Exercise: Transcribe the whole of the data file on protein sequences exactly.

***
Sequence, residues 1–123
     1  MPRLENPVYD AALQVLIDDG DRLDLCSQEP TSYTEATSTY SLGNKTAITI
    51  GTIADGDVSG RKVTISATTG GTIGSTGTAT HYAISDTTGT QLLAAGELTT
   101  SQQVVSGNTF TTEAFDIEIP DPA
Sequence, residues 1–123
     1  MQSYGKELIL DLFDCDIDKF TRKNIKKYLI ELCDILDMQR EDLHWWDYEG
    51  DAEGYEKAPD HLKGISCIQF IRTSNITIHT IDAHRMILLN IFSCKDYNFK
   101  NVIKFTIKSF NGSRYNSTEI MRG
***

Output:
Sequence, residues 1–123
     1  MPRLENPVYD AALQVLIDDG DRLDLCSQEP TSYTEATSTY SLGNKTAITI
    51  GTIADGDVSG RKVTISATTG GTIGSTGTAT HYAISDTTGT QLLAAGELTT
   101  SQQVVSGNTF TTEAFDIEIP DPA
Sequence, residues 1–123
     1  MQSYGKELIL DLFDCDIDKF TRKNIKKYLI ELCDILDMQR EDLHWWDYEG
    51  DAEGYEKAPD HLKGISCIQF IRTSNITIHT IDAHRMILLN IFSCKDYNFK
   101  NVIKFTIKSF NGSRYNSTEI MRG